Engineering Education Thoughts for Auburn University

I graduated with my Batchelor's Degree in Electrical Engineering from Auburn University, Magna Cum Laude. I am finishing my M.S. in Electrical Engineering this semester (Spring 2018). As I'm continuing to my Ph.D., I have noticed a trend that I hope will be reversed in the future. This trend is not unique to Auburn but seems to be prevalent in your average ABET accredited Engineering School. So I'll pick on my alma mater.

Auburn's core curriculum is eroding the amount of major versus non-major credits undergraduates take. My observation is that we are not giving them the degree of academic freedom that fosters an environment for innovation and entrepreneurship. Countless faculty members I've talked to in Engineering departments concur. As time goes on, fewer in-major courses, especially electives, are a part of an Engineering student's curriculum.

This, in a sense, forces a student who is interested in any specialized area in a major, to go to graduate school. In Auburn's Electrical Engineering program, an undergraduate student is only allowed to take two electives. ONLY 41.8% of what an Electrical Engineer learns, per credit hour, is in major. Only 4.9% of an Electrical Engineer's EE curriculum consists of courses are elective credits that allow a student the freedom to specialize.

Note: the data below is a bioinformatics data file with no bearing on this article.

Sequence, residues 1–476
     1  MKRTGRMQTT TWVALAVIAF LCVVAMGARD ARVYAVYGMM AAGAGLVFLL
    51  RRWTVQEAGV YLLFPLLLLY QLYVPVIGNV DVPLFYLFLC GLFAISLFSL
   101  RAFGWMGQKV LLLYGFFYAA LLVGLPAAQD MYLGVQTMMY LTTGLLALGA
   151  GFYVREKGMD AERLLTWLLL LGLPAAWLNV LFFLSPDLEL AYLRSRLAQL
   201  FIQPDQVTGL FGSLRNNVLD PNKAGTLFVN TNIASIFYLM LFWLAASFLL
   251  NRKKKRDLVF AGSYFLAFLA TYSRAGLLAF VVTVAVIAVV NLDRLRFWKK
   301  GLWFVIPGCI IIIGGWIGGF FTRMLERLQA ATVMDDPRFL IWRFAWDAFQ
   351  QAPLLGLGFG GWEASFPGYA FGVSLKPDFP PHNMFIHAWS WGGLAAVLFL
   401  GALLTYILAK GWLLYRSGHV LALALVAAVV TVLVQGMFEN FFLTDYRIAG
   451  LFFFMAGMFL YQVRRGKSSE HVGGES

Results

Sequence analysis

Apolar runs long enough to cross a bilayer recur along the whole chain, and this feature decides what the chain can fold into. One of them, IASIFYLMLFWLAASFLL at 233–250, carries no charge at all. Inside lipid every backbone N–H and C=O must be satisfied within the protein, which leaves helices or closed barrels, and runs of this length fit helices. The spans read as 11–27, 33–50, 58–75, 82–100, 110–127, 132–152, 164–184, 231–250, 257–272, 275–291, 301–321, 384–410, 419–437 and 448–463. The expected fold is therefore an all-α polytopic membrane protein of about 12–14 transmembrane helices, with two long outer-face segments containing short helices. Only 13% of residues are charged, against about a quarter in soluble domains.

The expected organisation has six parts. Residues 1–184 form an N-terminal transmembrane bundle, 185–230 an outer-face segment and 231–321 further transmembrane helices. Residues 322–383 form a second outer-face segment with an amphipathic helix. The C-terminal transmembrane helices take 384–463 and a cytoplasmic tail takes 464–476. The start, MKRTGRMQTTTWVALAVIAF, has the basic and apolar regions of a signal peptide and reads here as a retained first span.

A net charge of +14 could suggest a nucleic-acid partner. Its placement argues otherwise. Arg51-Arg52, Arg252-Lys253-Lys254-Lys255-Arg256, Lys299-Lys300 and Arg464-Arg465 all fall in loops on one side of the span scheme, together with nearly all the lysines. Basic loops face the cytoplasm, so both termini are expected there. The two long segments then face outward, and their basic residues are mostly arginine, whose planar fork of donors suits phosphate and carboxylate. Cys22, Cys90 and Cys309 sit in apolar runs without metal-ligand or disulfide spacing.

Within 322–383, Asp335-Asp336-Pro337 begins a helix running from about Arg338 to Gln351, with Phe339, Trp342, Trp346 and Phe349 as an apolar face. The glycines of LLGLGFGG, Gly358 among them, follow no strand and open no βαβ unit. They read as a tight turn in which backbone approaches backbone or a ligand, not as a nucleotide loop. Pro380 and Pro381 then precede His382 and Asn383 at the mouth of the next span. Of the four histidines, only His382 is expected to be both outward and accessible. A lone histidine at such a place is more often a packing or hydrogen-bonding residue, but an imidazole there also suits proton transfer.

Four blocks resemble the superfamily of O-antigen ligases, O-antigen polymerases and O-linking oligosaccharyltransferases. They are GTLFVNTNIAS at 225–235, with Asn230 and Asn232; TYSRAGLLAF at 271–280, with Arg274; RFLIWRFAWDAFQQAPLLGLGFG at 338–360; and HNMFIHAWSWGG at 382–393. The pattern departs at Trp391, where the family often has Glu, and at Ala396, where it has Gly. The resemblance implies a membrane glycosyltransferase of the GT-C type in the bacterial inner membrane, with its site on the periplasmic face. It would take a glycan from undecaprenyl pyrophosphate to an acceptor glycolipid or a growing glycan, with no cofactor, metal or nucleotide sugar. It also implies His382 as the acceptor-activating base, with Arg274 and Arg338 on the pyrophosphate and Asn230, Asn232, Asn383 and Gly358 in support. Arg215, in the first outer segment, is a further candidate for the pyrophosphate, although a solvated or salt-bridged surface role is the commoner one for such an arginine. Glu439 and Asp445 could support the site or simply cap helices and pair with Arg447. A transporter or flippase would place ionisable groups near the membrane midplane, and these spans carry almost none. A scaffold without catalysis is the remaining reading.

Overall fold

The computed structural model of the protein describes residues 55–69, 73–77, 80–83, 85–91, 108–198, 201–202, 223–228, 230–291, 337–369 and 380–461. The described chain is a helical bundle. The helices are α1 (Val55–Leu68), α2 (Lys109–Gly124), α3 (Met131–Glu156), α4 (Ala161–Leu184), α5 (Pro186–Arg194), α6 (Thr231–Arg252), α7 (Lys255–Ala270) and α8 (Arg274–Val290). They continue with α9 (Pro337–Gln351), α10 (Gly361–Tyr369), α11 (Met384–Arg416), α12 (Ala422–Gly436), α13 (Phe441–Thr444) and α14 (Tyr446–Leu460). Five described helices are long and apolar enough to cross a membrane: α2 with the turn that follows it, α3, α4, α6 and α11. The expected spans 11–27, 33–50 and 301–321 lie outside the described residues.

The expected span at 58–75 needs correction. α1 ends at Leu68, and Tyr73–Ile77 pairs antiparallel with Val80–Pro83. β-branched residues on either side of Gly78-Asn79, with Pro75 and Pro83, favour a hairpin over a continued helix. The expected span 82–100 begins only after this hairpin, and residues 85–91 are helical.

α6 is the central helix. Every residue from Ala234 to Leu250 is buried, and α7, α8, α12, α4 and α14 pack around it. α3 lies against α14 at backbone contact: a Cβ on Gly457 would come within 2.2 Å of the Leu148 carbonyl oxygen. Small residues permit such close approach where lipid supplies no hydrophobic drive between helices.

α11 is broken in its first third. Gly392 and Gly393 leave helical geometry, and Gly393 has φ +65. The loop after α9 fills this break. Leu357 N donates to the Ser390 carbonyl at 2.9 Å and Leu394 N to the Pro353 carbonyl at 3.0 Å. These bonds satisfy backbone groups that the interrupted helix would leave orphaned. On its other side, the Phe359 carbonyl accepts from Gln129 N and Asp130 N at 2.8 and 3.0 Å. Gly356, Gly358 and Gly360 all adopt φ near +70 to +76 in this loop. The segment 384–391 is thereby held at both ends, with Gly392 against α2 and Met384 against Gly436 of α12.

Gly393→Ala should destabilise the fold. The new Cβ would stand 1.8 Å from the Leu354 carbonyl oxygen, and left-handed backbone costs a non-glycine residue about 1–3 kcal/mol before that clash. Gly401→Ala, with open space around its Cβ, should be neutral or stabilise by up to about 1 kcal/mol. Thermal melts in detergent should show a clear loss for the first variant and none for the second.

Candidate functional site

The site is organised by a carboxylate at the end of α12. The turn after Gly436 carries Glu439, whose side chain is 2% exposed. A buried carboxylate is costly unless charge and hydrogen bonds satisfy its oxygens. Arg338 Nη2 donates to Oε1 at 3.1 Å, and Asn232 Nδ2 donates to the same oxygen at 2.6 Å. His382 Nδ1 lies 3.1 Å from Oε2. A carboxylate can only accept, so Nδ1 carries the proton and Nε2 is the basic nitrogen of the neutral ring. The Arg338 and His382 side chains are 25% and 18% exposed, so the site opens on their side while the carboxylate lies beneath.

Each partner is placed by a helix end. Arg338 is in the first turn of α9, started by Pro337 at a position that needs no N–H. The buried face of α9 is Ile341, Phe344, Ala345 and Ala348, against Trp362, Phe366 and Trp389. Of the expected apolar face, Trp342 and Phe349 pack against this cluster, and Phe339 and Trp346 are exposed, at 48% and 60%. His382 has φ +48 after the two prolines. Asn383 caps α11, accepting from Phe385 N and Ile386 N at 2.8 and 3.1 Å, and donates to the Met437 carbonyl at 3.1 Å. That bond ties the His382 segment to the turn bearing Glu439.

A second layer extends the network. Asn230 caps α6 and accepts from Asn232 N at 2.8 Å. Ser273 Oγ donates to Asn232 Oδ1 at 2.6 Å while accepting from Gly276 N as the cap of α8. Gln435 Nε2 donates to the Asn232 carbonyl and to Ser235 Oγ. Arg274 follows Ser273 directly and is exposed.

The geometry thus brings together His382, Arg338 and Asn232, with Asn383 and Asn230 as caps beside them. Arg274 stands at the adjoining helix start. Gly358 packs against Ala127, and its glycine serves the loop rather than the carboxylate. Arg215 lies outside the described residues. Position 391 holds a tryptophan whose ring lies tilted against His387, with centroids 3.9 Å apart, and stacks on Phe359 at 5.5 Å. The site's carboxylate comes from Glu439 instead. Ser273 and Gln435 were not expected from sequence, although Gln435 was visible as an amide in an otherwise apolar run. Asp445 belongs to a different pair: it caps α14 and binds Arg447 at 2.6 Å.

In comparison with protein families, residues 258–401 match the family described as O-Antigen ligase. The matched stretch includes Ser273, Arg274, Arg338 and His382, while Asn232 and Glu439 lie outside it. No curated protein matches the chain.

The alternative is to add an extra year or two and pursue a Master's degree. However, with the large demand for technical employees in the US right now, the trend is not to pursue higher degrees due to market demand that takes the most gifted students for work in industry.

We need to do some tough introspection and ask ourselves if we want to be just another Southern football school that offers majors that mills degrees as part of an employment barrier-to-entry, or whether we want to create a school renowned for innovators and world-changers. A rigid curriculum model that seeks to indoctrinate students into a prefabricated form, will produce the former.


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